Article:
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Wayne Hale's NASA Blog: Why does Rice Play Texas?

Status Report From: NASA Blogs
Posted: Tuesday, June 2, 2009

image I wrote this note to the shuttle team in 2004.  I think it is still true today.  Maybe more so than in 2004. Rice vs. K State tonight at Reckling Park in the NCAA regional baseball playoffs.  Texas has already advanced to the super-regionals facing TCU.  Why do we care?  Read on:




This note is not about really sports but about exploration. Let me tell you why.

JFK was on a roll.  He could move a crowd with a speech.  He knew what would excite an audience and he could build on their emotion.  It was a hot summer day in Houston and the event was outdoors at Rice stadium.  The President had come to town to elaborate on his space exploration initiative.  He talked about the technical challenges, like the requirement for materials to withstand temperatures of several thousand degrees, or "almost as hot as it is here today" he quipped.  Then he came to the centerpiece of his speech:

SOME PEOPLE ASK, WHY GO TO THE MOON?

THEY MAY WELL ASK, WHY CLIMB THE HIGHEST MOUNTAIN?

WHY 35 YEARS AGO, FLY THE ATLANTIC?

WHY DOES RICE PLAY TEXAS?

At this point the crowd which contained many university alumni, faculty, and students started cheering.  But JFK knew better than to slow down; without a pause he continued:

WE CHOOSE TO GO TO THE MOON

The cheering intensified, not cheering about a football team but about a new goal

WE CHOOSE TO GO TO THE MOON AND DO THE OTHER THINGS, NOT BECAUSE THEY ARE EASY BUT BECAUSE THEY ARE HARD

BECAUSE THAT CHALLENGE IS ONE WE INTEND TO WIN

At one time, during the 1920's and 30's there was parity in football in the Southwest Conference; Rice won its share of the championships and on any given Saturday in the fall any team had the potential to beat any other team.  But after WWII the University of Texas took off in size and came to dominate football in the region.  Rice earned the dubious honor of becoming the smallest school in the nation to play Division I sports. 

Logically, mathematically, analytically, Rice should never beat Texas.  With a regular period, the Rice University faculty debates giving up football - or all Division I athletics -  as a waste of time, money, and effort.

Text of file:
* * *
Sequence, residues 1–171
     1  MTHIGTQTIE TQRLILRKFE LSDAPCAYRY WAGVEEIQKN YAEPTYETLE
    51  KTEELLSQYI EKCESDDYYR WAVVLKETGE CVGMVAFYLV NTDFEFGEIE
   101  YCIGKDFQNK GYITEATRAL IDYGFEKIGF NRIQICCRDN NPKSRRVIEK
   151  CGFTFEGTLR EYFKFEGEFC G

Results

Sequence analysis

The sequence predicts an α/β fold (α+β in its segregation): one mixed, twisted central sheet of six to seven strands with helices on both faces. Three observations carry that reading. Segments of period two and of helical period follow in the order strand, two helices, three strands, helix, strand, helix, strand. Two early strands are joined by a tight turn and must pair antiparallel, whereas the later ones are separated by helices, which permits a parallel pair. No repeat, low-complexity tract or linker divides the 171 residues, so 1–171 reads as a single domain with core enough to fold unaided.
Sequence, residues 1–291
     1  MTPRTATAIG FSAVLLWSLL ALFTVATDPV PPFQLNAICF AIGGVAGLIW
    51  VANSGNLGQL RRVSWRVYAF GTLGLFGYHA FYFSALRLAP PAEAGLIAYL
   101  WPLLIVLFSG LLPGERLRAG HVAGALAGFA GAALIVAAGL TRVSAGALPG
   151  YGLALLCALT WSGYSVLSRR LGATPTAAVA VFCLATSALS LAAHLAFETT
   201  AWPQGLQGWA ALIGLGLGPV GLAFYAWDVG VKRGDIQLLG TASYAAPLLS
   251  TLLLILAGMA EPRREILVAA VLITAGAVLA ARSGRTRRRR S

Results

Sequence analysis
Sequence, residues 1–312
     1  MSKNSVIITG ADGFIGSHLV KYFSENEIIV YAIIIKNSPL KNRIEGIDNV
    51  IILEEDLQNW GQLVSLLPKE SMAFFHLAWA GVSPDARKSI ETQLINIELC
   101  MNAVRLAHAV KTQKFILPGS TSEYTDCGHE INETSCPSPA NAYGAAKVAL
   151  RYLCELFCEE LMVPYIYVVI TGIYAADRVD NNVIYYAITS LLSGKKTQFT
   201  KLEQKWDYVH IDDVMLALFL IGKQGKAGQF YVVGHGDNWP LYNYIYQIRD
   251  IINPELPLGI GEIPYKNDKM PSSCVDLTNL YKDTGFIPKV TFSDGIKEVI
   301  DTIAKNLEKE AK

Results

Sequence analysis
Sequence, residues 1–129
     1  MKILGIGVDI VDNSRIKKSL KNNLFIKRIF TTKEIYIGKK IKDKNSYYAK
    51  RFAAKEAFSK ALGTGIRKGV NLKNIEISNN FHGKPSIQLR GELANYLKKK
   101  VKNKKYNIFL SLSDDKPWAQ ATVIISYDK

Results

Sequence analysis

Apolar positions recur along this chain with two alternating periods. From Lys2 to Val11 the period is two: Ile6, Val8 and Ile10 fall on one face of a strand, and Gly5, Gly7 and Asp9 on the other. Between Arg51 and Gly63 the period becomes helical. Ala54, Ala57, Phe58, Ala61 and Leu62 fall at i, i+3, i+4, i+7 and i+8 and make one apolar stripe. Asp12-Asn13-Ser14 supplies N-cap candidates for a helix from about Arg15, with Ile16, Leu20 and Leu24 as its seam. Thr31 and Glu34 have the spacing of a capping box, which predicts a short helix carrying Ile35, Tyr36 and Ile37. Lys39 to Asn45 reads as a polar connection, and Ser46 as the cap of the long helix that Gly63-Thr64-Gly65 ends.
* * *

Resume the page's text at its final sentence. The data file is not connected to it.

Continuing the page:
And when the historians replay the tape of JFK's speech, they generally clip out the phrase 'WHY DOES RICE PLAY TEXAS?'  perhaps because the reference may be obscure to some people, perhaps because it seems less important than Lindbergh flying solo across the Atlantic.  But if that phrase is clipped out, I submit you may miss the point. 

Texas dominates the series 64-21-1.  The conferences have changed and the two teams don't play every year, and when they do, it doesn't count for conference standings. 

Logically, mathematically, analytically, there is no point for Rice to play Texas. 

But about once a decade, the illogical happens: the underdog triumphs.  Facing the challenge makes a fundamental change in the people who face that challenge.

George Mallory was one of the early explorers to attempt to climb Mount Everest, the penultimate "highest mountain".  When they asked him why, Mallory's reply became legendary: "Because its there".  But that reason smacks of adolescence, it fails to describe any compelling value.  George Mallory died on the slopes of Mount Everest.  Tinzing Norgay and Edmund Hillary made the first successful assault of the world's highest mountain.  Later Hillary spoke about the experience:  "It is not the mountain that we conquer, but ourselves". 

The Universe neither knows nor cares if we boldly explore or silently fade from the scene. 

But we know. 

The point is what the challenge does to us.  There is nothing "virtual" about being on the mountain peak, or on the lunar surface.  The challenge changes us and that may very well be the most important thing of all.

JFK spoke about the challenge of the lunar program as being a measure of us as a people; could we meet the challenge.

Today, we are facing another space exploration initiative and the challenge is the same.  Exploring the space frontier is extremely difficult, saturated with risk, immensely challenging.  Our part is to fly the Space Shuttle safely soon.  It is a formidable challenge.  But everyone from the President down tells us that demonstrating that we can meet this challenge is the necessary cornerstone to all that may come afterward.  Flying the shuttle safely and completing the International Space Station will demonstrate that we -  our agency - our nation - has the competence to continue on and roll back the frontiers.  Meeting this challenge will change us.




Somebody recently wrote that this was a poor reason to explore space.  There are many reasons to explore space.  I've written a number of posts providing various reasons, some intensely practical, some more philosophical.  Go ahead and look back over the record here. 

But challenging the best in ourselves to do something hard; that is not an inconsiderable reason either.

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